The Princess: a Medley … Fourth edition.

London: Edward Moxon … 1851.

8vo., pp. [6], 182, [2]; a good copy in the original green cloth, blocked in blind, spine sunned; secretarial presentation inscription on the half-title: ‘Mary Alice Marshall. From Alfred Tennyson’, later ownership inscription of her daughter Julia O’Brien.


US $347€321

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Fourth edition, with ‘changes of very considerable importance’ (Wise), written when Tennyson was honeymooning with the Marshalls in 1850. The Princess (first 1847) is the only volume of poetry that Tennyson was to publish in the later 1840s, while finishing In Memoriam (1850). The poem went through considerable alteration in the third and fourth editions; it was almost entirely rewritten for the third, and the fourth added much new material and a redrafted Conclusion.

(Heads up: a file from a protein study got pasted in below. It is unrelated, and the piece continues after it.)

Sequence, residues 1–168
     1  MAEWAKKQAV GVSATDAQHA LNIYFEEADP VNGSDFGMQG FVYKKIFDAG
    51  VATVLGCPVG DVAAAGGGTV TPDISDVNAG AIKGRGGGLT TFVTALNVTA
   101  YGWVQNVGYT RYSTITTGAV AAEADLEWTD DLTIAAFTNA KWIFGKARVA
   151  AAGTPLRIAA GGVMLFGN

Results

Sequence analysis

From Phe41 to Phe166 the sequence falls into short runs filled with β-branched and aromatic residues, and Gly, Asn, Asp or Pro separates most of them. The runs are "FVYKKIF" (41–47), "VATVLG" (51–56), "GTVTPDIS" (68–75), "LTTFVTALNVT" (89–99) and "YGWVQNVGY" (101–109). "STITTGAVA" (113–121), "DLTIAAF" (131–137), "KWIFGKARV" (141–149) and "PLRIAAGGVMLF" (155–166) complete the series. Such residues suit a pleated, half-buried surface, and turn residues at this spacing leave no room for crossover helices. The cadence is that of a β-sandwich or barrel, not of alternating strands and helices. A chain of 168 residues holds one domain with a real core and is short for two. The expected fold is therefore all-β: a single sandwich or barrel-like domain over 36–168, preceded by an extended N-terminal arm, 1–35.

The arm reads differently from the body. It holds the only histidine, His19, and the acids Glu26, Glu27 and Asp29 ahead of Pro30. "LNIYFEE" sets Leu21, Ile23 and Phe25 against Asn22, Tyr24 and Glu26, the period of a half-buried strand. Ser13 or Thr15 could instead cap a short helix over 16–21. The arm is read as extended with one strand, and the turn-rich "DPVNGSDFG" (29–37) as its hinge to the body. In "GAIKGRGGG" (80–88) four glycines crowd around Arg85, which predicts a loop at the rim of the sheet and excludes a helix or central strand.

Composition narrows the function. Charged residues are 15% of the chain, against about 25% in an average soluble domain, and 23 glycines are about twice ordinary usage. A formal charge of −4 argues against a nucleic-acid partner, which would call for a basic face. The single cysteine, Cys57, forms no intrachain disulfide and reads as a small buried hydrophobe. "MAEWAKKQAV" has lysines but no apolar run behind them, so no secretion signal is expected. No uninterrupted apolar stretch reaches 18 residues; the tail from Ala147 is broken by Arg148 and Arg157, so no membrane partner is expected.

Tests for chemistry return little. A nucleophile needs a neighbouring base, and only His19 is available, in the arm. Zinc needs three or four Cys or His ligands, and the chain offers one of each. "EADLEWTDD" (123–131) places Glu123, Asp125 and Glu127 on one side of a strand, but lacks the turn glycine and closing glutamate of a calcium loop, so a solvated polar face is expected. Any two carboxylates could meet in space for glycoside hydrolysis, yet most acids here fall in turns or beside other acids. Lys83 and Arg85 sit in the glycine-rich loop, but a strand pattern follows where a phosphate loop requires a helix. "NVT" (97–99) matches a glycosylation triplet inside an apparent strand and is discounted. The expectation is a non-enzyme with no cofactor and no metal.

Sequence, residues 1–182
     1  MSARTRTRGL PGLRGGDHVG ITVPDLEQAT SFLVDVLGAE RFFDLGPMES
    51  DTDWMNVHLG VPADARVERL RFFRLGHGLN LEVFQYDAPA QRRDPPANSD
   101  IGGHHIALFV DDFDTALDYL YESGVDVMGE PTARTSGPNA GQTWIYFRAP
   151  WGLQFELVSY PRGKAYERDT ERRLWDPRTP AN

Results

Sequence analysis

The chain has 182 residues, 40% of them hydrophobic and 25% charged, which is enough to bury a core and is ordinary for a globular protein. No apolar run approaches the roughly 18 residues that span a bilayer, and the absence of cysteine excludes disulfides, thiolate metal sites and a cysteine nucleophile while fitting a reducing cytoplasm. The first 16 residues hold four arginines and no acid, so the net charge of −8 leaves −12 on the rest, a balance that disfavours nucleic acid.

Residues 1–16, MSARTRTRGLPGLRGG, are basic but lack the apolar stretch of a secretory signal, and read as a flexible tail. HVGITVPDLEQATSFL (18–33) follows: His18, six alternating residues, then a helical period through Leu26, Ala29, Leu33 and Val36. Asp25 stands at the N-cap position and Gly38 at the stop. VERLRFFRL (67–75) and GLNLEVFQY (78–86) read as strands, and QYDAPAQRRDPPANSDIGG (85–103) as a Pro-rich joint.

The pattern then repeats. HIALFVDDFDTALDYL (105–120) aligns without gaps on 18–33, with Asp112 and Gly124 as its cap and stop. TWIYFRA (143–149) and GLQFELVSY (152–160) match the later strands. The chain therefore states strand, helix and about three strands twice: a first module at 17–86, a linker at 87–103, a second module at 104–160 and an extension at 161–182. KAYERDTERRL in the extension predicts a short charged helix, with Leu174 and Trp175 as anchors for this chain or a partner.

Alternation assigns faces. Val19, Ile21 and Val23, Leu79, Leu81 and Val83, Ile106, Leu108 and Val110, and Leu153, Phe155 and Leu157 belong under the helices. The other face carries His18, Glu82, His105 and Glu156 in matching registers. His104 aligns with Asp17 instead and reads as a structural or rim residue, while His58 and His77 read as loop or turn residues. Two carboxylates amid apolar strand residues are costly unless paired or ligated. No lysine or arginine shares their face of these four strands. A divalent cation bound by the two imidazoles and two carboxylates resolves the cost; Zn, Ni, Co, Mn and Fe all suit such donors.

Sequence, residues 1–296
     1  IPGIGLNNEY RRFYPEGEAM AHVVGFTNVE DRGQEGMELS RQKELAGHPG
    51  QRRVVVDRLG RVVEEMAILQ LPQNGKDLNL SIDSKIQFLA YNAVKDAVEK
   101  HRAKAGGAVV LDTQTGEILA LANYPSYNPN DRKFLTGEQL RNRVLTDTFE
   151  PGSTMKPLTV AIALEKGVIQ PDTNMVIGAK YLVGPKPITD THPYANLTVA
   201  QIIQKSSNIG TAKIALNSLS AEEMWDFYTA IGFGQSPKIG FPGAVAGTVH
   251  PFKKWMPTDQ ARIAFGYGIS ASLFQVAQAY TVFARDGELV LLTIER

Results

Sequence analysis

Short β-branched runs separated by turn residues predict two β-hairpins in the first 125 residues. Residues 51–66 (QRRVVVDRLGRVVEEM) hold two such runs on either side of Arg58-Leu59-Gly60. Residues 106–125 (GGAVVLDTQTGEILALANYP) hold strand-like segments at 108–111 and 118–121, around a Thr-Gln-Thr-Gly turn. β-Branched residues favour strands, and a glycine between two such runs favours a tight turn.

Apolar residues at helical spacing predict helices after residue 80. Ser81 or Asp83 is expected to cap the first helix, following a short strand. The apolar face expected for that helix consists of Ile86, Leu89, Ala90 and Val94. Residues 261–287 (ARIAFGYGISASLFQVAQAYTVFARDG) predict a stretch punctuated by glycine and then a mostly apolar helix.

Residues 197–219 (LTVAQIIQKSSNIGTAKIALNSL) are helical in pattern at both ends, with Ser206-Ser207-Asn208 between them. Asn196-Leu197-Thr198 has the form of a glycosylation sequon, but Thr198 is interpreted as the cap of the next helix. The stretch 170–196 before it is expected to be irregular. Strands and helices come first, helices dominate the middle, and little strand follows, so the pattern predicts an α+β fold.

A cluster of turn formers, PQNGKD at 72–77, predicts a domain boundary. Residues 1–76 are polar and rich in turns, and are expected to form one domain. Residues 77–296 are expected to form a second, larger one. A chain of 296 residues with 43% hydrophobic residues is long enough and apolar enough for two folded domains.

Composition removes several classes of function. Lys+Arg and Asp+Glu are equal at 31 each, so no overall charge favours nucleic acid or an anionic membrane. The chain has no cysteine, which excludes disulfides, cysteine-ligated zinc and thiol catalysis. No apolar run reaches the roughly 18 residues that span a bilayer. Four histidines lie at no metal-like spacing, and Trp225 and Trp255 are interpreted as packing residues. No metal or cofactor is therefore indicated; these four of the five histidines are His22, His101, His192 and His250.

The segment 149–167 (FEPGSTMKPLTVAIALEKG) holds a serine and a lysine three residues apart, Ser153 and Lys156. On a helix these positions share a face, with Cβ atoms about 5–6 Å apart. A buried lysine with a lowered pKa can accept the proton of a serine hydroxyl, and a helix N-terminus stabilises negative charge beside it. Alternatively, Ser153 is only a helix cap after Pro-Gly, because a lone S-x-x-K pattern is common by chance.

Mary Alice Marshall, daughter of Lord Mounteagle, was the sister of a Cambridge friend of Tennyson’s, Stephen Spring-Rice. In 1850 Tennyson and his wife Emily spent part of their honeymoon at Tent Lodge, which belonged to the Marshalls, in the Lake District. Here, they were visited by Edward Lear, Carlyle, Matthew Arnold, etc, and Tennyson began writing the material on the Prince’s ‘weird seizures’ that appeared first in the 1851 Princess.

Wise, I, 27.

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